Onomarchus

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For the genus of katydid, see Onomarchus (genus).

Onomarchus (Greek: Ονόμαρχος) was general of the Phocians in the Third Sacred War, brother of Philomelus and son of Theotimus.

Onomarchus commanded a division of the Phocian army under Philomelus in the action at Tithorea, in which Philomelus perished. After the battle Onomarchus gathered the remains of the Phocian army and retreated to Delphi. An assembly of the people was held, in which Onomarchus strongly urged the prosecution of the war — in opposition to the counsels of the more moderate party.

In the winter of 354 / 353 the Phocians decided to make Onomarchus supreme command, [1] in place of Philomelus. He was not inclined to imitate the moderation of his predecessor, who had 'borrowed' from the sacred treasures of Delphi and had kept scrupulous records. Instead, he confiscated the property of all those states who were opposed to Phocis and made full use of the accumulated wealth of the shrine. Using the treasures of Delphi he was able to assemble and maintain a large body of mercenary troops, in addition to bribing many of the hostile states, allowing him to influence the Thessalians to abandon their allies and take up a neutral position.Thus freed from his most formidable antagonists, he was more than a match for his remaining foes.

Onomarchus' campaigning began in 353. [1]

Campaigning[edit]

He invaded Locris, took the town of Thronium, compelled Amphissa to submit, ravaged the Dorian Tetrapolis, and finally turned his arms against Boeotia — where he took Orchomenus and laid siege to Chaeronea — but was compelled to retreat without effecting anything more.

Following the siege of Chaeronea, his assistance was requested by Lycophron, a tyrant of Pherae who was attacked by Philip II of Macedon. At first Onomarchus sent his brother Phayllus into Thessaly with an army of 7000 men, to a defeat by Philip's armies. Onomarchus then marched with his whole forces to the support of Lycophron, defeated Philip in two successive battles, and drove him out of Thessaly.

Onomarchus then returned to Boeotia, whom he defeated in a battle, and took the city of Coroneia. He was then recalled once more to the assistance of Lycophron, against Philip, who had again invaded Thessaly. Onomarchus hastened to support his ally with an army of 20,000 foot and 500 horse (another source shows 3000 horses [2]), but was met by Philip at the head of a force, still more numerous, and a pitched battle ensued, in which the superiority of the Thessalian cavalry decided the victory in favour of Philip.

Defeat[edit]

Onomarchus was defeated in the battle of the Crocus field. [3][4]

Death[edit]

There are differences in the details provided from those sources which provide accounts on the events involving his death. [5]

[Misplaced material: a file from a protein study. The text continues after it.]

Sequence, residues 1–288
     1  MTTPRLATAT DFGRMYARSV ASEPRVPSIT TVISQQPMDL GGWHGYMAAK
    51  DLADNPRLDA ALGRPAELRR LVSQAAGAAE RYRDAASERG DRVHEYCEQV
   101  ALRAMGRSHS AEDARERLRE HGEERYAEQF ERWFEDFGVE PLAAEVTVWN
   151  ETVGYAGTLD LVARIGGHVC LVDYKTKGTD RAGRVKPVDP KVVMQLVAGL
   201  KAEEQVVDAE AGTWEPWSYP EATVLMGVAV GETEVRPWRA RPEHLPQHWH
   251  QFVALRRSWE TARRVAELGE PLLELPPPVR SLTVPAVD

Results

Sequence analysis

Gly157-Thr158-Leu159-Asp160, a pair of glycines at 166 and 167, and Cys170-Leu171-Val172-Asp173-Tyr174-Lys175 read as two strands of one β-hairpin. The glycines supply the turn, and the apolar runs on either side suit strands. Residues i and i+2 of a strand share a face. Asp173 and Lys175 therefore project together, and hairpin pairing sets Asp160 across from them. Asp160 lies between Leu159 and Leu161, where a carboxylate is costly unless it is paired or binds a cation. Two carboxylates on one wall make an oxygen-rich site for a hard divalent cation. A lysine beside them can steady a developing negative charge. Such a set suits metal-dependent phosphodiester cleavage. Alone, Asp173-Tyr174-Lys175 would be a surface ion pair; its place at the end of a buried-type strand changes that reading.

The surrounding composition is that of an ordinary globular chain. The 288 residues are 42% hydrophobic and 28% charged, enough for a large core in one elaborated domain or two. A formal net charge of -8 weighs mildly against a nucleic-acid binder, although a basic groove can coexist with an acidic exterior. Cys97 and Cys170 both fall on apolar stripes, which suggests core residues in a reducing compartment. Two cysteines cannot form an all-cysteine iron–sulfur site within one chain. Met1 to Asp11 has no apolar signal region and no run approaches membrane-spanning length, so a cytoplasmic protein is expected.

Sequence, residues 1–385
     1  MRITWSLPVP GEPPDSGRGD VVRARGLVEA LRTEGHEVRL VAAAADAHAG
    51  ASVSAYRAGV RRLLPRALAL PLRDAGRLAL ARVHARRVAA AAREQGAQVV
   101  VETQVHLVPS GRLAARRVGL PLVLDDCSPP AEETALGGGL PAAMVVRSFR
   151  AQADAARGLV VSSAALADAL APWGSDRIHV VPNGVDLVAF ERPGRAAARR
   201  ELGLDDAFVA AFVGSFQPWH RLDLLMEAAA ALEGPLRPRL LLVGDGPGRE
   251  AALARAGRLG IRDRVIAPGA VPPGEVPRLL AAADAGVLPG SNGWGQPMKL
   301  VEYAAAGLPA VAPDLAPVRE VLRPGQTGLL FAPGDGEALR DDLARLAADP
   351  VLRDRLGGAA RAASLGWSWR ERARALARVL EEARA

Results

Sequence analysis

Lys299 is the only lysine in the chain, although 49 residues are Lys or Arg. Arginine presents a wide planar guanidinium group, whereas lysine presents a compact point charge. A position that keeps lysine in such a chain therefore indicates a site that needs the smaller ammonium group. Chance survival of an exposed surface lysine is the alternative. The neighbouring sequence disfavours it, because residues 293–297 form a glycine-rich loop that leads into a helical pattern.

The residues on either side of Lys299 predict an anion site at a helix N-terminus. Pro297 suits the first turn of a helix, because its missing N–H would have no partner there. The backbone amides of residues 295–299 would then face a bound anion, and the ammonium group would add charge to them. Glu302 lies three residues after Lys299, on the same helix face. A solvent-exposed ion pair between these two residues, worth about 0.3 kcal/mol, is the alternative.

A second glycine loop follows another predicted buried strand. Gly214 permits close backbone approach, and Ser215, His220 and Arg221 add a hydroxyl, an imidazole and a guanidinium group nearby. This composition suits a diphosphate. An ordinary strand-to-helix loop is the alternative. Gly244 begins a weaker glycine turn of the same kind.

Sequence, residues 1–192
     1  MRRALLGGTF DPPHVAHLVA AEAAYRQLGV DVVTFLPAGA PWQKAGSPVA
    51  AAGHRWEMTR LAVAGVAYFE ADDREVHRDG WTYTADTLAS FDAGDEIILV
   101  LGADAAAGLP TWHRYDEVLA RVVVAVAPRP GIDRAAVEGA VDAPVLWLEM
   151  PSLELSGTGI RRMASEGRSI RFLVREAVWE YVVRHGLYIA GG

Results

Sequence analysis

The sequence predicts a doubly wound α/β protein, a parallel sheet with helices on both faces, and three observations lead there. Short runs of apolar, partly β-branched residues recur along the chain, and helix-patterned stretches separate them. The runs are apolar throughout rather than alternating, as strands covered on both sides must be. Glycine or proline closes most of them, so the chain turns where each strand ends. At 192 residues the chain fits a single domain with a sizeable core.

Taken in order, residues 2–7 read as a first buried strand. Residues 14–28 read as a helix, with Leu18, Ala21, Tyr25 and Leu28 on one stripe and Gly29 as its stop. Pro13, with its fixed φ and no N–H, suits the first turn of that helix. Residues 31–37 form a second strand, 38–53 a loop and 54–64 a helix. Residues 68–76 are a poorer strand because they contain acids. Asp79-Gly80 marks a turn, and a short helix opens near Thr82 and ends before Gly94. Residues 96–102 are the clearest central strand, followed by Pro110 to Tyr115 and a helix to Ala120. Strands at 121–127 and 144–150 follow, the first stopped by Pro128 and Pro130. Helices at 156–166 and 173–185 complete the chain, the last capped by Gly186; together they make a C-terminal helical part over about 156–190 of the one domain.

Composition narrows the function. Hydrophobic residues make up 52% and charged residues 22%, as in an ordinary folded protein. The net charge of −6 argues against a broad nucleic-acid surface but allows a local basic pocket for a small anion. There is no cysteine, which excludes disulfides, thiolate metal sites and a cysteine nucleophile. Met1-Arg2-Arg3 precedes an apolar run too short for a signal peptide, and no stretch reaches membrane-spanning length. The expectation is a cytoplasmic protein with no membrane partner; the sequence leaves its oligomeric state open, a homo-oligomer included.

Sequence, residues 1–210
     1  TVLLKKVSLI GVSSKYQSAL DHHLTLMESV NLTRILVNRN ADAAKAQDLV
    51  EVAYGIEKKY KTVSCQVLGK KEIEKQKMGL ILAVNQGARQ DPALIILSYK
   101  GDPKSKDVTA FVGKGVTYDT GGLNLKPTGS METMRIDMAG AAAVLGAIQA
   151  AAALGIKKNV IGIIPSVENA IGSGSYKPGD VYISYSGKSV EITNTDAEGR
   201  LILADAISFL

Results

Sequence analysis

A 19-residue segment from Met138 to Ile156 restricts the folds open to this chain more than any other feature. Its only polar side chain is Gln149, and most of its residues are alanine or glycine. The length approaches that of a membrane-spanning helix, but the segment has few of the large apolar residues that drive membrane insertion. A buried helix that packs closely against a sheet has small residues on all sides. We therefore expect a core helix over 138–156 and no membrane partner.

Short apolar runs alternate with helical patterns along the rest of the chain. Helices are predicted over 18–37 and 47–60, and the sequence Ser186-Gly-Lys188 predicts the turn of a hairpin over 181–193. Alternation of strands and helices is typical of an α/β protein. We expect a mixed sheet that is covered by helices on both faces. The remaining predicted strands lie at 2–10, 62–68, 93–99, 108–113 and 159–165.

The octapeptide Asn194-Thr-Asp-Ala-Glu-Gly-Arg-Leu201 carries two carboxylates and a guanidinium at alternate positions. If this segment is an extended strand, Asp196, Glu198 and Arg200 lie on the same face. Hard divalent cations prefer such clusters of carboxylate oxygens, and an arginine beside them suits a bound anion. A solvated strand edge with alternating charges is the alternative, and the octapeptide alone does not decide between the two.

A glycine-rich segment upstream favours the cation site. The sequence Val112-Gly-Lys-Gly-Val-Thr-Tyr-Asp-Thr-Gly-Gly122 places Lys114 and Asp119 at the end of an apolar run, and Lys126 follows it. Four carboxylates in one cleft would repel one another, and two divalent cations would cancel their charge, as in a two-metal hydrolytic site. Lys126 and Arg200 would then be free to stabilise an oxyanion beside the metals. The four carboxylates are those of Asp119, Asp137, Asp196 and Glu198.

Onomarchus and many of the fugitives plunged into the sea in hopes of swimming to the Athenian ships under Chares which were lying off the shore.

His death took place in 352 BC.

Eusebius states he drowned, [6] Diodorus (XVI 35 [7]) asserts he was taken prisoner and put to death by Phillip, [8] Pausanias, by the darts of his own soldiers.

Onomarchus' body fell into the hands of Philip, who had it crucified as punishment for his sacrilege.

References[edit]

  1. ^ a b R Sealey (faculty of the University of California at Berkeley). A History of the Greek City States, Ca. 700-338 B.C. University of California Press, 1976 ISBN 0520031776. Retrieved 2015-04-12. 
  2. ^ L von Ranke, G W Prothero. Universal History (p.380). Cambridge University Press, 30 Oct 2014. Retrieved 2015-04-12. 
  3. ^ T Buckley (Head of Classics at Camden School for Girls and Roedean) - Aspects of Greek History: A Source-Based Approach (p.351) Routledge, 21 Aug 2006 ISBN 1134857330 [Retrieved 2015-04-12](ed. first source for < defeated >)
  4. ^ E Carney - Professor of History at Clemson University, D Ogden - Professor of Ancient History, University of Exeter - Philip II and Alexander the Great: Father and Son, Lives and Afterlives Oxford University Press, 26 May 2010 ISBN 0199890005 [Retrieved 2015-04-12](ed. verified defeated here)
  5. ^ J Roisman (Professor of Classics at Colby College) - Ancient Greece from Homer to Alexander: The Evidence John Wiley & Sons, 12 Jul 2011 ISBN 1405127759 [Retrieved 2015-04-12]
  6. ^ RA Gabriel (Adjunct Professor of Humanities and Ethics at Daniel Webster College). Philip II of Macedonia: Greater Than Alexander. Potomac Books, Inc., 31 Aug 2010 ISBN 1597975680. Retrieved 2015-04-12. 
  7. ^ V Parker (Associate Professor of Classics in the University of Canterbury in Christchurch, New Zealand) - A History of Greece, 1300 to 30 BC John Wiley & Sons, 19 Nov 2013 ISBN 1118559339 [Retrieved 2015-04-12]
  8. ^ Charles Anthon - A Classical Dictionary: Containing ... Proper Names Mentioned in Ancient Authors, and Intended to Elucidate ... Points Connected with the Geography, History, Biography, Mythology and Fine Arts of the Greeks and Romans ... an Account of Coins, Weights and Measures Harper & Bros., 1841 [Retrieved 2015-0412]

 This article incorporates text from a publication now in the public domainSmith, William, ed. (1870). "article name needed". Dictionary of Greek and Roman Biography and Mythology.